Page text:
The next community workshop regarding the future of recreation in Waldo Canyon will be “an exciting one,” said Joe Lavorini, with the host nonprofit, Rocky Mountain Field Institute.

Three “conceptual maps” will be revealed 6 p.m. Wednesday at the Westside Community Center, 1628 W. Bijou St. Lavorini described them as three potentials with “varying levels of use and access back into Waldo Canyon.”

He declined to discuss specifics before the meeting, saying only that people would get their first “nitty-gritty” look at the possibilities, with lines on maps showing ways into the once-beloved landscape.

A return has been greatly anticipated since the 2012 wildfire laid waste to the former loop trail off U.S. 24. The former parking area has since been barricaded and appears destined to stay that way. Planners, including state highway officials, first sat down at the table last fall and have not budged on reopening the site due to the limited space and safety concerns with traffic.

Having recently walked the former trail bed and seen the obliteration, Lavorini said it wouldn’t make sense to consider the entirety of the old route. But “it’s possible that sections of the old trail will be utilized in the new network,” he said.

Attendees of the first community workshop in January were shown a map displaying the “area of interest.” It marked Waldo’s neighboring canyon, Williams, along with the adjoining Black Canyon Quarry and Cedar Heights neighborhood.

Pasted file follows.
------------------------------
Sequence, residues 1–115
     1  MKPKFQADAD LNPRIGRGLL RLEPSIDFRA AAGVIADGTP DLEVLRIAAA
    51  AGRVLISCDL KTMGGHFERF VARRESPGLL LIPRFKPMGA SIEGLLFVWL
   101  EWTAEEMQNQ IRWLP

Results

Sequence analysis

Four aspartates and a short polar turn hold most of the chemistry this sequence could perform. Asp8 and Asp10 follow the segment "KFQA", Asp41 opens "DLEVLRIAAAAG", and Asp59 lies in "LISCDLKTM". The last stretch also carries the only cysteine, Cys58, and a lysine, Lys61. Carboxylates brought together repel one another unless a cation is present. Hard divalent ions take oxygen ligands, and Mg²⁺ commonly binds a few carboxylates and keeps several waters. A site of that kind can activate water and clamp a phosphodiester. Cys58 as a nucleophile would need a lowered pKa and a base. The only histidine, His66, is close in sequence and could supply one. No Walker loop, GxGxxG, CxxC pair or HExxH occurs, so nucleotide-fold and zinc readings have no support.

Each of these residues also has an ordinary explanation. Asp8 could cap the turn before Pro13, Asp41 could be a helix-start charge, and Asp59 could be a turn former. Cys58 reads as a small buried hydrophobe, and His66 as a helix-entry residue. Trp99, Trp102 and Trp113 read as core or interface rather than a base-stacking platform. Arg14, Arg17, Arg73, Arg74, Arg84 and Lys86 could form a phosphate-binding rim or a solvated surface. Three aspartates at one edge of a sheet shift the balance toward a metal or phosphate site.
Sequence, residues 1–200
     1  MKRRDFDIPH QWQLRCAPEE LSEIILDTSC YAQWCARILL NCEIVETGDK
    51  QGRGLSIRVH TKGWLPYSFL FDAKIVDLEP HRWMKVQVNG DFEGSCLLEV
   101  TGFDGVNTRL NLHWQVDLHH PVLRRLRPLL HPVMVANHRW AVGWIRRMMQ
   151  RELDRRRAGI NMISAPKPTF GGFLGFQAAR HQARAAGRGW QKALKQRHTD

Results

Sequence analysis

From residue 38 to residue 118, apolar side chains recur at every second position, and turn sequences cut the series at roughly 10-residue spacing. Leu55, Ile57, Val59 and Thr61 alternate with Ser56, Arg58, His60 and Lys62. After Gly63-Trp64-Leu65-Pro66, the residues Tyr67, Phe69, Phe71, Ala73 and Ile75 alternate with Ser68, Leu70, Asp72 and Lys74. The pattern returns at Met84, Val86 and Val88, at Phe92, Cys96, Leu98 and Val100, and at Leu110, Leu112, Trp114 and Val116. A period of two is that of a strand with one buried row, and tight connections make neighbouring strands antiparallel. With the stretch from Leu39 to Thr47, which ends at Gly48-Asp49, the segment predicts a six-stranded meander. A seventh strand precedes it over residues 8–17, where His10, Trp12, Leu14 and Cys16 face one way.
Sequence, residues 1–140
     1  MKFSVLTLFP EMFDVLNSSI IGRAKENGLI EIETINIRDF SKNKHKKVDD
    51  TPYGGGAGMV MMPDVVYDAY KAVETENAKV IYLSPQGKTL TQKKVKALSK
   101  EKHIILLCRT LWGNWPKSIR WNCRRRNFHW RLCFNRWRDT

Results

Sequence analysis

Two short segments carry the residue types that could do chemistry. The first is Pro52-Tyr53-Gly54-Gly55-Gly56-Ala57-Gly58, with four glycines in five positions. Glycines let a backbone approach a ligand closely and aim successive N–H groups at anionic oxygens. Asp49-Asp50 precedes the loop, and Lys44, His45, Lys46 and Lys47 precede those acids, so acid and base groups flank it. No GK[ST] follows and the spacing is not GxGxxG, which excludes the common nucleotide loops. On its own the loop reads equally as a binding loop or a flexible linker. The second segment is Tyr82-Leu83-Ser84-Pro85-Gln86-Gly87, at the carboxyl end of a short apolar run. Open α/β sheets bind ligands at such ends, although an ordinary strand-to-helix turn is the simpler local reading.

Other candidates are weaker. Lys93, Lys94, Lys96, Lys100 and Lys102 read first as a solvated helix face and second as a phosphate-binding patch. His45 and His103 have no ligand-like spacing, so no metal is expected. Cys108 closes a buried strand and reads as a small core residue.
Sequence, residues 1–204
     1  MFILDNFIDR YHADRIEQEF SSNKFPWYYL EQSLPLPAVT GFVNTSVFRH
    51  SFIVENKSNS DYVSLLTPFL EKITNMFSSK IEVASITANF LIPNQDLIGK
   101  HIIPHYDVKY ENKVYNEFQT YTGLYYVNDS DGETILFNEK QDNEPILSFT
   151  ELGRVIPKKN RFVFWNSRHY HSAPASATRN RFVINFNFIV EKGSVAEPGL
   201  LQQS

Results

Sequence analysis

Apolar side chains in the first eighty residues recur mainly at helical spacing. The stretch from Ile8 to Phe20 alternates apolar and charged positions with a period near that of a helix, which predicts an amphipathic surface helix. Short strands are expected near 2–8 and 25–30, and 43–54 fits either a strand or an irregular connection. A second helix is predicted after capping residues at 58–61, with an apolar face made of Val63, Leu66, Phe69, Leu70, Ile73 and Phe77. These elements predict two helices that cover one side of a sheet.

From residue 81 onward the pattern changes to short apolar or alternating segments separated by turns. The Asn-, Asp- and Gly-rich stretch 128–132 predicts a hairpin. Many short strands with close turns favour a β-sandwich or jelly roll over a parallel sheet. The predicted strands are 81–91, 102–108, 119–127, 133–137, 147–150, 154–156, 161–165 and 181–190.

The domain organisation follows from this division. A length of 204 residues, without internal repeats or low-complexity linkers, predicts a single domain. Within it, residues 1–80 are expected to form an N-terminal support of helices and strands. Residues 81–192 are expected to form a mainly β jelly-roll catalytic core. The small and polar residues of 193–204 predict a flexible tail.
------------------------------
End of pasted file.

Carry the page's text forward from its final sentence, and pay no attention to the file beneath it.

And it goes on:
In 18 response forms collected by organizers, people mentioned Williams Canyon as a desired connection, with some wondering about the quarry, owned by Transit Mix Concrete Co. They also floated access from Rampart Range Road.

Another public meeting is scheduled for Oct. 23. Rocky Mountain Field Institute aims to give a recommendation to the U.S. Forest Service by June 2020.

Leave a Reply

What We Believe

We are driven by our deep respect for our environment, and our passionate commitment to sustainable tourism and conservation. We believe in the right for everyone - from all backgrounds and cultures - to enjoy our natural world, and we believe that we must all do so responsibly. Learn More